SUO 2016: Immunotherapy for Prostate Cancer: What is the Way Forward? - Session Highlights


San Antonio, Texas USA (UroToday.com) Immunotherapy treatment for prostate cancer has been quite limited given that currently Sipuleucel-T is the only immunotherapy approved for the management of castrate resistant prostate cancer. With the introduction of check-point inhibitors there has been a growing interest in the use of this type of therapies in patients with advanced prostate cancer.

In this session Dr. Yu from the Seattle Cancer Care Alliance presented the current landscape of immunotherapy in the treatment of advanced prostate cancer. The use of immunotherapy for the management of advance prostate cancer has been quite limited due to the limited use of Sipuleucel-T in the clinical setting. Sipuleucel-T is only approved in select cohort of patients with mildly symptomatic castrate resistant prostate cancer, which provides a very short window of opportunity. The effect of the treatment is challenging to follow due to the poor PSA response to therapy, with no response on progression-free survival (PFS) and 4 month improvement on overall survival (OS). In a post-hoc analysis of the Sipuleucel-T trial showed that for the immune system to be able to combat the cancer it requires a small tumor burden, showing the highest survival in patients with PSA levels < 25 pg/mL.

Small trials on check-point inhibitors have not shown the improvement in OS seen in other GU malignancies such as kidney or bladder, which have blunted the excitement on the use of checkpoint inhibitors in prostate cancer. Reasoning behind the lack of effect of check-point inhibitors was the low expression of PD-L1 in prostate cancer along with the low tumor mutation rates. In further review of the available data there appears to be an increase expression of PD-L1 in high risk tumors, which appear to be diluted down in prior studies. A recent abstract presented at ESMO, showed improved responses, some durable, in patients treated with Pembrolizumab who on selection was found to have significant expression of the PD-L1 ligand. A recent study from the University of British Columbia, looked at the expression of PD-L1/2 in the dendritic cells of patients treated with Enzalutamide. Interestingly, the dendritic expression of PD-L1/2 appeared to increase in those patients treated with Enzalutamide who were progressing on therapy. In follow-up study Pembrolizumab was added to patients failing Enzalutamide therapy showing a significant reduction in PSA levels.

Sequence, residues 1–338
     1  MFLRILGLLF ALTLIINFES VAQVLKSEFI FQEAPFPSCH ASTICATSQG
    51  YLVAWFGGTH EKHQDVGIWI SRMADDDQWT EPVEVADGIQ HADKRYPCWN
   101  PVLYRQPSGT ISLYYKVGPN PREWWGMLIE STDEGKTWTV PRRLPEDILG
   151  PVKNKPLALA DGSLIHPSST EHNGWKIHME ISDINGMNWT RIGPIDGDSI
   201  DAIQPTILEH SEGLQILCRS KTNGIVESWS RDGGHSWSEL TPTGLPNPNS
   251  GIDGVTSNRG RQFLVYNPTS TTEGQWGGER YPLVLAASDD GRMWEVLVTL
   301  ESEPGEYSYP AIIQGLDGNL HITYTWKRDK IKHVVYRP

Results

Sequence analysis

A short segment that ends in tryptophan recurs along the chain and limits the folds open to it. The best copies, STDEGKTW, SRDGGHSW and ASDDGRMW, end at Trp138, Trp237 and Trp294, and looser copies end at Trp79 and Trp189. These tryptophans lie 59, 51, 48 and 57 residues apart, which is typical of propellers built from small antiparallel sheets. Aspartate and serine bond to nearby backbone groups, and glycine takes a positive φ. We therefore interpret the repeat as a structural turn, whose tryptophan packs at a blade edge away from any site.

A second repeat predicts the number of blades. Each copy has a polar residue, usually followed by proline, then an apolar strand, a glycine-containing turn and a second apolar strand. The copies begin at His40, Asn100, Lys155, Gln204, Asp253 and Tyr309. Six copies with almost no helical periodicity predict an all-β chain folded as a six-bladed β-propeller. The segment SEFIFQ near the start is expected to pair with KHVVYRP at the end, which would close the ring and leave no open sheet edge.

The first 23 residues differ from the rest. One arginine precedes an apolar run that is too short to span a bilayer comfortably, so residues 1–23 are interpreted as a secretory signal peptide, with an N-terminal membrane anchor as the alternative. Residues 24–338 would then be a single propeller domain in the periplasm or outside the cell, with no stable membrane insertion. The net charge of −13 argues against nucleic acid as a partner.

Given the limited cohort of patients in which immunotherapy appears to be effective there are several ongoing trials looking into immune system priming with the use of chemotherapy and radiation to release neo-antigens for dendritic cell priming. There are also some early work on combination therapy with Pembrolizumab + docetaxel/Enzalutamide which may improve response.

In summary, there is some encouraging early studies that show that immunotherapy have a niche in a select group of patients with advance prostate cancer that could be expanded with immune system priming and combination therapy.

Presented By: Evan Y. Yu, MD, Seattle Cancer Care Alliance

Written By: Andres F. Correa, MD, Society of Urologic Oncology Fellow, Fox Chase Cancer Center

17th Annual Meeting of the Society of Urologic Oncology - November 30 -December 2, 2016 – San Antonio, Texas USA
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